Compound Words

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264. A compound word is one whose stem is made up of two or more simple stems.

a. A final stem vowel of the first member of the compound usually disappears before a vowel, and usually takes the form of i before a consonant. Only the second member receives inflection.1

b. Only noun stems can be thus compounded. A preposition, however, often becomes attached to a verb.

265. New stems are formed by Composition in three ways:

  1. The second part is simply added to the first.

    su-ove-taurīlia  the sacrifice of a swine, a sheep, and a bull
    (sūs, ovis, taurus) (cf. § 255.a)

    septen-decim  seventeen
    (septem, decem)

  2. The first part modifies the second as an adjective or adverb (Determinative Compounds).

    lāti-fundium  a large landed estate
    (lātus, fundus)

    omni-potēns  omnipotent
    (omnis, potēns)

  3. The first part has the force of a case, and the second a verbal force (Objective Compounds).

    agri-cola  a farmer
    (ager  field, †cola akin to colō  cultivate)

    armi-ger  armor-bearer
    (arma  arms, †ger akin to gerō  carry)

    corni-cen  horn-blower
    (cornū  horn, †cen akin to canō  sing)

    carni-fex  executioner
    (carō  flesh, †fex akin to faciō  make)

  a. Compounds of the above kinds, in which the last word is a noun, may become adjectives, meaning possessed of the quality denoted.

 āli-pēs  wing-footed
(āla  wing, pēs  foot)

 māgn-animus  great-souled
(māgnus  great, animus  soul)

 an-ceps  double
(amb-  at both ends, caput  head)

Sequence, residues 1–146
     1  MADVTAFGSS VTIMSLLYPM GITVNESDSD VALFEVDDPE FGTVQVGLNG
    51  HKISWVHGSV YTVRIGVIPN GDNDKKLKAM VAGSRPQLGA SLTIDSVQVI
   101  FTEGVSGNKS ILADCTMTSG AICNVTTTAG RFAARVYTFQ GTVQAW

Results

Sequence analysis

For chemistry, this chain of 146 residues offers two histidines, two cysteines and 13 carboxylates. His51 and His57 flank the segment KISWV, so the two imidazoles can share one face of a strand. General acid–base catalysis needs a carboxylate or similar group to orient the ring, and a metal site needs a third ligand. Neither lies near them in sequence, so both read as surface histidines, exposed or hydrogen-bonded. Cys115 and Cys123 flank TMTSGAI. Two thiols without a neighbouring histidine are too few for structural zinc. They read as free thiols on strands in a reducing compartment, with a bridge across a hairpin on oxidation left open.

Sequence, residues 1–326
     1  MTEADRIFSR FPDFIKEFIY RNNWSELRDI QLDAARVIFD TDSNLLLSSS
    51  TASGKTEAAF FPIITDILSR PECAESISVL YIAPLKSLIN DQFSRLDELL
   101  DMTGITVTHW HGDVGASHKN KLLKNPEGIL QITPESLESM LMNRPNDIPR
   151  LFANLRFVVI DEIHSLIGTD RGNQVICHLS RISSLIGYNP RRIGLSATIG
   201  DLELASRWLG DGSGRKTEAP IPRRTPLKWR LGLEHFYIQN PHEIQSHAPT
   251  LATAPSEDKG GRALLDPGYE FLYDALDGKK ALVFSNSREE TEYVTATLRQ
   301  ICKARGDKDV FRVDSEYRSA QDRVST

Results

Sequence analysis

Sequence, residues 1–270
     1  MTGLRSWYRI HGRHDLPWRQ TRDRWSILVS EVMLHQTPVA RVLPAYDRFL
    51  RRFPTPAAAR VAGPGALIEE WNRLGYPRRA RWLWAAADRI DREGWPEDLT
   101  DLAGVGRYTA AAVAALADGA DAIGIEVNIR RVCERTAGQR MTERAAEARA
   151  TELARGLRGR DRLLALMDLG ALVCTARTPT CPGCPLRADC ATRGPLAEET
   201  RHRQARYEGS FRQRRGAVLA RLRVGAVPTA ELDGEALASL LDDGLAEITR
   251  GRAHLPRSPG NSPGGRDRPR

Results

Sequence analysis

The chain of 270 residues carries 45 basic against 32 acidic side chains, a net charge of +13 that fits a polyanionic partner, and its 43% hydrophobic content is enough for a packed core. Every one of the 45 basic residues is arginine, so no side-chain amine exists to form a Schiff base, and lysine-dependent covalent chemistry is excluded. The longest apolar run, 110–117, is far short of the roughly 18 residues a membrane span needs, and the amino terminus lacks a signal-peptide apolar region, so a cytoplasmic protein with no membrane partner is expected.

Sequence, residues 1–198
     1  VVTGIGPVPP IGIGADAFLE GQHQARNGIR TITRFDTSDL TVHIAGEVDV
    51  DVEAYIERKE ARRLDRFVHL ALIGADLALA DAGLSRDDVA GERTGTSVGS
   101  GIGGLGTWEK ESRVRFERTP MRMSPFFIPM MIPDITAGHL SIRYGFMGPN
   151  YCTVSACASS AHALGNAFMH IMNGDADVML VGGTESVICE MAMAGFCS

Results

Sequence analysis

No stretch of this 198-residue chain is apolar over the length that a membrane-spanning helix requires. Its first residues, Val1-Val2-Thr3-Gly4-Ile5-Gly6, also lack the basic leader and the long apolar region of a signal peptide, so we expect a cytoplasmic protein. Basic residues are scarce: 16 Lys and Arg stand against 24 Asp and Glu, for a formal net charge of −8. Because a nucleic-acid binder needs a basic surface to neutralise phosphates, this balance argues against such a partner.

Note— Many compounds of the above classes appear only in the form of some further derivative, the proper compound not being found in Latin.


Syntactic Compounds

266. In many apparent compounds, complete words—not stems—have grown together in speech. These are not strictly compounds in the etymological sense. They are called Syntactic Compounds.

a. Compounds of faciō, factō, with an actual or formerly existing noun stem confounded with a verbal stem in ē-. These are causative in force.

cōnsuē-faciō  habituate
(cf. cōnsuē-scō  become accustomed)

cale-faciō, cale-factō  to heat
(cf. calē-scō  grow warm)

b. An adverb or noun combined with a verb.

bene-dīcō  to bless
(bene  well, dīcō  speak)

satis-faciō  to do enough (for)
(satis  enough, faciō  do)

c. Many apparent compounds of stems.

fide-iubeō  to give surety
(fide  surety, iubeō  command)

mān-suētus  tame
(manuī  to the hand, suētus  accustomed)

Mārci-por  slave of Marcus
(Mārcī puer)

Iuppiter  father Jove
(†, old vocative, and pater)

anim-advertō  attend to, punish
(animum advertō)

d. A few phrases forced into the ordinary inflections of nouns.

prō-cōnsul  proconsul
(for prō cōnsule  instead of a consul)

trium-vir  triumvir
(singular from trium virōrum)

septen-triō  the Bear, a constellation
(supposed singular of septem triōnēs  the Seven Plough-Oxen)

In all these cases it is to be observed that words, not stems, are united.

267. Many syntactic compounds are formed by prefixing a Particle to some other part of speech.

a. Prepositions are often prefixed to Verbs. In these compounds the prepositions retain their original adverbial sense.

ā, ab AWAY:
ā-mittere  to send away

af-ferre (ad-ferō)  to bring

ante BEFORE:
ante-ferre  to prefer
ante-cellere  to excel

circum AROUND:
circum-mūnīre  to fortify completely

com-, con- (cum) TOGETHER or FORCIBLY:
cōn-ferre  to bring together